What Does The Bible Say About Fighting


The Bible contains a wealth of teachings on many different topics and this includes fighting. It is important to understand what the Bible says about fighting through careful Bible study in order to live a Bible focused life. In this article, we will explore what the Bible has to say about fighting, its perspectives on violence, creating peace and the power of forgiveness and mercy.

Biblical Basis of Just War

The Bible outlines the concept of ‘just war’ which comprises of principles that help to determine which conflicts should be pursued and which should be avoided. Specifically, in Romans 13:1-7, Paul states that God has appointed authorities to set up laws and maintain order within society, entrusting them with the use of the sword for punishing wrongdoers as a means of preventing evil. This acknowledges that in some situations, fighting is necessary in order to protect the innocent. Thus, just wars are a means of preserving peace, justice, and freedom from oppression.

Forgiveness and Compassion

The Bible teaches that forgiveness, compassion, and nonviolence should be the first response to violence, even in the midst of a war. In Matthew 5:39, Jesus states that those who practice nonviolence in the face of violence will be rewarded. Jesus also teaches that love should be our greatest weapon as shown in John 15:12-13 and Romans 12:14-21. This indicates that the emphasis of Christian teachings is upon forgiveness and peace-making rather than retaliation and retaliation can only be used in extreme circumstances.

A Biblical Perspective on Violence

The Bible contains numerous stories and passages which might condone or even encourage violence, such as the killing of enemies, retribution and war. While these stories may appear to approve of violence, they should not be taken out of context to condone contemporary militarism and should rather be seen as narratives of caution.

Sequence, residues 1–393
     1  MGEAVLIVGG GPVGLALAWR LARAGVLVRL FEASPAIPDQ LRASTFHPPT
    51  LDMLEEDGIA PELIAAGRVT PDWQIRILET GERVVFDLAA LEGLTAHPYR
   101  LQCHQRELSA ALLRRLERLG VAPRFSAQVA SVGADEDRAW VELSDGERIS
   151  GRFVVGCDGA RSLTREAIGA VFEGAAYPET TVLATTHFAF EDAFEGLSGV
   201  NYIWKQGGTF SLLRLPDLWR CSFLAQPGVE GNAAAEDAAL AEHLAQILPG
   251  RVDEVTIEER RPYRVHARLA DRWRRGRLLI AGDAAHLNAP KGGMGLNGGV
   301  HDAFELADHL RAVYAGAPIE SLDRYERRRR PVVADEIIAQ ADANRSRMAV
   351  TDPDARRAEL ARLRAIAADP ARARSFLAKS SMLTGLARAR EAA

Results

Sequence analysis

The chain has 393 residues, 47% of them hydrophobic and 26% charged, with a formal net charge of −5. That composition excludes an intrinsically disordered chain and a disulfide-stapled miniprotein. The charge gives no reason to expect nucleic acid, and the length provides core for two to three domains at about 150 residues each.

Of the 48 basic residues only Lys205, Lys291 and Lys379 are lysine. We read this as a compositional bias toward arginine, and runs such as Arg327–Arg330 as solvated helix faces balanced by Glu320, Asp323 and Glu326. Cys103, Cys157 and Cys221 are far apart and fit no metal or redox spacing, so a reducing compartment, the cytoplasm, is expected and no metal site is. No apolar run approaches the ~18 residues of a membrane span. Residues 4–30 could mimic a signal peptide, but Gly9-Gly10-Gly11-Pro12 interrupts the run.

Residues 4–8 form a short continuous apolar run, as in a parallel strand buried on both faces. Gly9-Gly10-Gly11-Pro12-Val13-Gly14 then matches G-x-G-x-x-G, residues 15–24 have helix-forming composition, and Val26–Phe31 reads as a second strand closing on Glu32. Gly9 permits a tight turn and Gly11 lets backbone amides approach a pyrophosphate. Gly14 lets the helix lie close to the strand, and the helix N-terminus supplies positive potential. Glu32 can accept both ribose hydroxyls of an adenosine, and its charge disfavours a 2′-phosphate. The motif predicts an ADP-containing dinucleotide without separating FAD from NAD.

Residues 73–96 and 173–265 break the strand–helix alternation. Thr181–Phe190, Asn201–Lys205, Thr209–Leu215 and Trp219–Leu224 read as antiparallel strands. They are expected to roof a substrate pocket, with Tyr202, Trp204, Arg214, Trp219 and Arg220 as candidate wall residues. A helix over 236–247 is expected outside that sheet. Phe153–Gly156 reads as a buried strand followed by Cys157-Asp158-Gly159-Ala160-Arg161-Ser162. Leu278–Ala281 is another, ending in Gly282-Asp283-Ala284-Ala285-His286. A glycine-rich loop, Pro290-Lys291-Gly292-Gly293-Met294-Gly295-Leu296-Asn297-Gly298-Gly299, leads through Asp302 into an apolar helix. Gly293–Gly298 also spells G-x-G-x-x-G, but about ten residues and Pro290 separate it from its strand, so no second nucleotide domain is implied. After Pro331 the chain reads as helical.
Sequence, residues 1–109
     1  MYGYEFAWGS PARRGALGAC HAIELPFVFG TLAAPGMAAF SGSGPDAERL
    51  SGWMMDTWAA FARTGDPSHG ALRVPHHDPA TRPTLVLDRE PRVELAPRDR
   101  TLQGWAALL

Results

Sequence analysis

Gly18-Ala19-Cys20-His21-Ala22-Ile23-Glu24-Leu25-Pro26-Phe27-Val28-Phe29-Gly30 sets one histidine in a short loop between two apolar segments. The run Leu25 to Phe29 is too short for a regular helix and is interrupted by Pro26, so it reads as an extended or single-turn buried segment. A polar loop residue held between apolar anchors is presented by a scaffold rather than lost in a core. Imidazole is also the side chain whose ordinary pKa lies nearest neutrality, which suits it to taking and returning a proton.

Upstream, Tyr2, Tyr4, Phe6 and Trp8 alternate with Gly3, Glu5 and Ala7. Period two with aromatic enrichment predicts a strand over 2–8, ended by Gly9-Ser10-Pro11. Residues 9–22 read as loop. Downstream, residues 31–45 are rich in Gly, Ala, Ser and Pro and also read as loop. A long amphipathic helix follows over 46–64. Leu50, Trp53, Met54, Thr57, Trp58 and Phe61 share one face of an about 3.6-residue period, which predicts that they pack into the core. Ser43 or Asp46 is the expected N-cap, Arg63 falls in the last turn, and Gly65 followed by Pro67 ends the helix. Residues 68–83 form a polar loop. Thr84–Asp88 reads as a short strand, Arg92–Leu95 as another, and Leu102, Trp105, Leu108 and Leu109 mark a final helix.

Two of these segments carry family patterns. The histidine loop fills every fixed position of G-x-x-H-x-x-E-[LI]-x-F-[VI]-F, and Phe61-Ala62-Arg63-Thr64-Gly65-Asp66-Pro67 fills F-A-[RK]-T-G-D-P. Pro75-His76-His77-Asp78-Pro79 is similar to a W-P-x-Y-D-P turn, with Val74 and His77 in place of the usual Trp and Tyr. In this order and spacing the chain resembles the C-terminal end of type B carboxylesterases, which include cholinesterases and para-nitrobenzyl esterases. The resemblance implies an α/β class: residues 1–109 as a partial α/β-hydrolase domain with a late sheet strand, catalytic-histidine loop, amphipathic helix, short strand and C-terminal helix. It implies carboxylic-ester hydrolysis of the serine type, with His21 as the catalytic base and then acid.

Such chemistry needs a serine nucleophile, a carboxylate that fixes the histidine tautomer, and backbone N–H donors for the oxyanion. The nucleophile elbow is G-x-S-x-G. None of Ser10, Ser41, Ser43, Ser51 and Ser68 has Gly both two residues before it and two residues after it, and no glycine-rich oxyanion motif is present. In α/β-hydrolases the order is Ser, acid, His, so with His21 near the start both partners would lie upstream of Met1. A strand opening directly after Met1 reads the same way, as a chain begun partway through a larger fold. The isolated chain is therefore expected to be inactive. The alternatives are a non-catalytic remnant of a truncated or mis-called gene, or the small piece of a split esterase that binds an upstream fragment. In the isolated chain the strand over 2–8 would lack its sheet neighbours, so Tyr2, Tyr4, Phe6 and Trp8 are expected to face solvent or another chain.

In addition, many passages throughout the Bible that are often seen as endorsing violence should not be interpreted as such. For example, when Jesus said ‘he who lives by the sword, dies by the sword’, he was actually speaking about a spiritual truth rather than a physical truth, which is that violence does not lead to eternal life.

The Power of Forgiveness and Mercy

The Bible gives Christians a way to break the cycle of violence through forgiveness and mercy. Jesus embodied the teachings of the Bible when he was nailed to the cross and chose to forgive his executioners instead of retaliating. In 1 Corinthians 13:5, Paul says ‘love…keeps no record of wrongs’. This suggests that revenge has no place in Christian teachings and instead, we should strive to love and forgive those who have wronged us.

The Role of Human Responsibility

The Bible advocates for peace and security of all people but acknowledges the reality of conflict and calls for human responsibility. Christians should strive to follow the way of peace, but need to be aware that as we are living in a broken world and sometimes hard choices must be made in order to protect the peace. 2 Thessalonians 3:16 says ‘if anyone will not work, neither let him eat’ – showing that it is each person’s responsibility to do what they can to strive for peace.

The Role of the Church

The church plays a vital role in promoting peace and unity. In Matthew 18:15-16, Jesus encourages us to confront those who have wronged us in a spirit of humility and gentleness. He also instructs us to forgive those who have sinned against us, so that our sins may be forgiven in turn, showing the power and importance of reconciliation in living a Christian life. In addition, Jesus commands us in Matthew 5:9 to ‘bless those who persecute you’, asserting that those who are wronged should use kindness and compassion as a reaction to violence.